Alexis Kirke studied BSc (Hons) Mathematics and completed a PhD in Computing, Communications and Electronics, and a PhD in Performing Arts.
Current employer: University of Plymouth
Current job title: Research Fellow in Computer Music
Current location: Plymouth
“Plymouth University has an open and enterprising environment that rewards innovation and hard work.”
Tell us about your career path since graduation.
After graduating from my maths degree, I got a studentship to do a PhD. I then joined the graduate training scheme in London for Instinet, a brokerage run by Reuters, as an analyst programmer for 12 months. I was then moved to their Manhattan office to work as a Quantitative Analyst, helping traders analyse trades as large as $0.5B.
After 12 months I was offered a post in a start-up doing speech recognition and joined them, getting stock options. After a couple of years I was promoted to office manager and research and development manager. The company had initial success but failed to grow, and I was made redundant after four years. One of the company’s clients – Invensys – recruited me as a R&D Manager where I worked for three years on cutting-edge computer sound recognition systems with British Gas. During this time I realised I wanted to fulfil my lifelong dream of doing more artistic work. I obtained another studentship from Plymouth University to do a PhD in Computer Music.
What is the best, most exciting or fun thing that you have done in your career?
Going to performances of my musical work at the California Academy of Sciences in San Francisco organised by Stanford, and at the Mansion House in the City of London organised by Barclays Bank. The San Francisco performance was of the piece Cloud Chamber (for violin and subatomic particles), whose original creation was funded by the Roland Levinsky Memorial Fund.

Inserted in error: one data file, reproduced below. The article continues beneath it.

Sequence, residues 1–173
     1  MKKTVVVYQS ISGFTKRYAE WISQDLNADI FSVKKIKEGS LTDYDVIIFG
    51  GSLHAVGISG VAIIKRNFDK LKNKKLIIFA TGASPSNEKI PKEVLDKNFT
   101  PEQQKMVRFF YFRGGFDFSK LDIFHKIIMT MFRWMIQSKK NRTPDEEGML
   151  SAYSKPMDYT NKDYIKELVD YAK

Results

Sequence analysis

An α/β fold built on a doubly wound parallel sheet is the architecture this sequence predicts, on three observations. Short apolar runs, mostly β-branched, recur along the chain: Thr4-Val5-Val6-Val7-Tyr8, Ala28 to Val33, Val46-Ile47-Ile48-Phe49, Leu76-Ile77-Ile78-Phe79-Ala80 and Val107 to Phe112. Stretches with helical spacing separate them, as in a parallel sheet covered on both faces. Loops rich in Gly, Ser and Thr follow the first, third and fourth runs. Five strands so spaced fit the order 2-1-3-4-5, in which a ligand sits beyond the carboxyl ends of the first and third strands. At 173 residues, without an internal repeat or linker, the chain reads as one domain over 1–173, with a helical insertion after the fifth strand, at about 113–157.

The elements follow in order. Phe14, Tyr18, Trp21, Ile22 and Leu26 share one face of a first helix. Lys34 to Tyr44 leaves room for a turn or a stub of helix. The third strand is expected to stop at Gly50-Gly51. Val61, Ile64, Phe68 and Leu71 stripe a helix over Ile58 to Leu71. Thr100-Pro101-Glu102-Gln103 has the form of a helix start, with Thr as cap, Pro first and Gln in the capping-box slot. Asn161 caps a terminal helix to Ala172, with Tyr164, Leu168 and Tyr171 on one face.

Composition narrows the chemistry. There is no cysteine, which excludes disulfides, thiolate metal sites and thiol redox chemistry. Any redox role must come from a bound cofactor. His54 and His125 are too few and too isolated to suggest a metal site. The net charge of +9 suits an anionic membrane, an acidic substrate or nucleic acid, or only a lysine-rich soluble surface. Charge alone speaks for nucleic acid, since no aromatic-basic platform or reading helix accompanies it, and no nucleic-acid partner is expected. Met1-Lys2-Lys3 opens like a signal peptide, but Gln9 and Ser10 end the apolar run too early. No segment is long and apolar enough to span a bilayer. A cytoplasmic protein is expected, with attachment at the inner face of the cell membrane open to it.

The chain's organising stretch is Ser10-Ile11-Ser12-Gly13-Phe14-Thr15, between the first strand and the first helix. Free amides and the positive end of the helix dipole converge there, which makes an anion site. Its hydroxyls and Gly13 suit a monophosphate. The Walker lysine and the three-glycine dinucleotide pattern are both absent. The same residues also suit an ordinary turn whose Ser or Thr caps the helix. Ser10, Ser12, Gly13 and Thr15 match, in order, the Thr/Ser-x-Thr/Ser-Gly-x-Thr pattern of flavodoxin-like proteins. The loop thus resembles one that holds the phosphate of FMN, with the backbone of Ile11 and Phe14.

What advice would you give to anyone wanting to get in to the same line of work?
Get involved, start by doing it for free, do projects you have to finish, be open to collaboration, promote yourself, at some point start getting paid, play your cards right.
How did studying at Plymouth help you?
Plymouth University has an open and enterprising environment that rewards innovation and hard work. It’s such a great environment for learning and having fun.
Is there anything else which you would like to share with our current students?
You can achieve much more than you think you can: take risks, don’t be afraid to look stupid, don’t let anyone tell you “it doesn’t sound practical”. Innovation is, by definition, about doing things most people won’t or can’t.
Inspired by this story?
For more information about studying mathematics, please visit our BSc (Hons) Mathematics course page. For more information about our range of courses within the School of Computing, Electronics and Mathematics, please visit the school page.
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